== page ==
You can find schematics and other details on his Hackaday.io project page, but first, swing down below the jump to see more of the clock’s simple but awesome animations.
Continue reading “What Is The Matrix…Clock?”
For someone who has never used stepper motors, real-time clocks, or built anything from scratch, [Dodgey99] has done a great job of bending them to his will while building his Etch-A-Sketch clock.
He used two 5V stepper motors with ULN2003 drivers. These motors are mounted on the back and rotate the knobs via pulleys. They are kind of slow; it takes about 2 1/2 minutes to draw the time, but the point of the hack is to watch the Etch-A-Sketch. [Dodgey99] is working to replace these steppers with Nema 17 motors which are much faster. [Dodgey99] used an EasyDriver for Arduino to drive them. He’s got an Arduino chip kit in this clock to save on the BOM, but you could use a regular Arduino. He left out the 5V regulator because the EasyDriver has one.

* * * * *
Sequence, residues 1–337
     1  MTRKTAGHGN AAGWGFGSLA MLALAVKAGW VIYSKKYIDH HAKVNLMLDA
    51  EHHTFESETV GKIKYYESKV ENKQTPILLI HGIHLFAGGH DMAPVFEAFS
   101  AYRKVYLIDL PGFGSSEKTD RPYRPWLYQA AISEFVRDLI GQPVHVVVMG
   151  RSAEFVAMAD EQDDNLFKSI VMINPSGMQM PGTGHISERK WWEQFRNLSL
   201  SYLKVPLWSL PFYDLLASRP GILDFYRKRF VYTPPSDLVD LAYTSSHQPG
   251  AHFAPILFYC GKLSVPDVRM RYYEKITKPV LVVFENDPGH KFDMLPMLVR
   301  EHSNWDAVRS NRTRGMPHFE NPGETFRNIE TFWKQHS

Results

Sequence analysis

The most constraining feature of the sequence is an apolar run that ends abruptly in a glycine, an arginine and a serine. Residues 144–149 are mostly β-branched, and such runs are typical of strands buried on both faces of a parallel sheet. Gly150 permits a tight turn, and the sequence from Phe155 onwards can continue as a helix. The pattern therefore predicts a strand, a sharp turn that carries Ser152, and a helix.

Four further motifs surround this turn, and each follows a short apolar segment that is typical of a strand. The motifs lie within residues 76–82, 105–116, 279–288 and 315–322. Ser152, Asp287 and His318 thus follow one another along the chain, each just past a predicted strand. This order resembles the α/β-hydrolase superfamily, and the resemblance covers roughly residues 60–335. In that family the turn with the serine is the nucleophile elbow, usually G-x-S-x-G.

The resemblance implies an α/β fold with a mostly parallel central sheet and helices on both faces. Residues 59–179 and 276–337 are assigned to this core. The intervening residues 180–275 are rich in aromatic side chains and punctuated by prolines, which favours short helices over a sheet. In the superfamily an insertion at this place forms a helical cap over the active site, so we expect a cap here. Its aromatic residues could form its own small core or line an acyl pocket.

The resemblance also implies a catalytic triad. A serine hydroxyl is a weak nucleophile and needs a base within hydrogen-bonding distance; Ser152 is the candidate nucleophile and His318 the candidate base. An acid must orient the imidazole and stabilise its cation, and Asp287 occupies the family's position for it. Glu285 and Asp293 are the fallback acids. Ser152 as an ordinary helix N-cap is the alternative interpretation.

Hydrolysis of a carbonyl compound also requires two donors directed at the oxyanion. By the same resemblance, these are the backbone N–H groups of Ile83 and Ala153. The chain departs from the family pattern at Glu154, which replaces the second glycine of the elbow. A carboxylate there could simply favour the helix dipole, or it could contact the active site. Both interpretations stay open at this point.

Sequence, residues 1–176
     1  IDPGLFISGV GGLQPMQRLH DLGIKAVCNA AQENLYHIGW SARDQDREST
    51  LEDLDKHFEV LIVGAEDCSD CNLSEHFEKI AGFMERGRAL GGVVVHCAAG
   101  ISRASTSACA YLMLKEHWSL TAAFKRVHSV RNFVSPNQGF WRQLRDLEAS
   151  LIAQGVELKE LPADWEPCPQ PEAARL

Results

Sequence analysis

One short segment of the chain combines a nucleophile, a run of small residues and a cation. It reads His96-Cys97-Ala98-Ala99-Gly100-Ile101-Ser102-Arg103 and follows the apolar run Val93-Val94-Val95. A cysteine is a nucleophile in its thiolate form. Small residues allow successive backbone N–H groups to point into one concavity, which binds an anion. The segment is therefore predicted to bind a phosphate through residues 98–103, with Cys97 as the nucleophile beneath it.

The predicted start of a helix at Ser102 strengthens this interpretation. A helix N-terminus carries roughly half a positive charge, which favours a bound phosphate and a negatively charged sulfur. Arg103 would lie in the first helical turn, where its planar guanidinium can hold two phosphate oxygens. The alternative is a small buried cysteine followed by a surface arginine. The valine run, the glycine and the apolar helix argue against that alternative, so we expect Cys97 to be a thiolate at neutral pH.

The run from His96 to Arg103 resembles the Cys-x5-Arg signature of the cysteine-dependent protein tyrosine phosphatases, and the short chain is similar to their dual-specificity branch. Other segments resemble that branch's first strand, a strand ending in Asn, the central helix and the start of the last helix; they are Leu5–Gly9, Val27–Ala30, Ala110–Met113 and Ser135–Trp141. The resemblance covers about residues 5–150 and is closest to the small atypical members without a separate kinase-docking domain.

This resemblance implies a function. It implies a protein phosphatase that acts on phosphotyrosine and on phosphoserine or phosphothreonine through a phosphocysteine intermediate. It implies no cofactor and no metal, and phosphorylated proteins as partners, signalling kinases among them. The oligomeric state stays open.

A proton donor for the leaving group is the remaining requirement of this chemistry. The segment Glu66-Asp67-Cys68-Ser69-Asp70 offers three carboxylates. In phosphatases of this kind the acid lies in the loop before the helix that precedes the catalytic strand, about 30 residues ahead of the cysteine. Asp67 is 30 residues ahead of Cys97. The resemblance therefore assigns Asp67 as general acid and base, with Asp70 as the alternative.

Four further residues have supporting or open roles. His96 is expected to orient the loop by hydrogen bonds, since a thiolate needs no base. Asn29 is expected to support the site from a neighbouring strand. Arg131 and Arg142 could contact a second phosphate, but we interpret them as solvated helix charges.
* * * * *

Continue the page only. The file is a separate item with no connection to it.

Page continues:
[Dodgey99] has published three sketches for the clock: one to set up the RTC so that the correct time is displayed once the Etch-A-Sketch is finished, some code to test the hardware and sample the look of the digits, and the main code to replace the test code.
The icing on this timekeeping cake is the acrylic base and mounting he’s fashioned. During his mounting trials, he learned a valuable lesson about drilling holes into an Etch-A-Sketch. You can’t shake an Etch-A-Sketch programmatically, so he rotates it with a Nema 17. Check it out after the jump.
If you’re paying attention, you’ll realize we just saw the exact opposite of this project a few hours ago: a CNC tool (laser cutter) controlled by turning Etch-A-Sketch knobs.
Continue reading “An Etch-A-Sketch To Fetch The Time”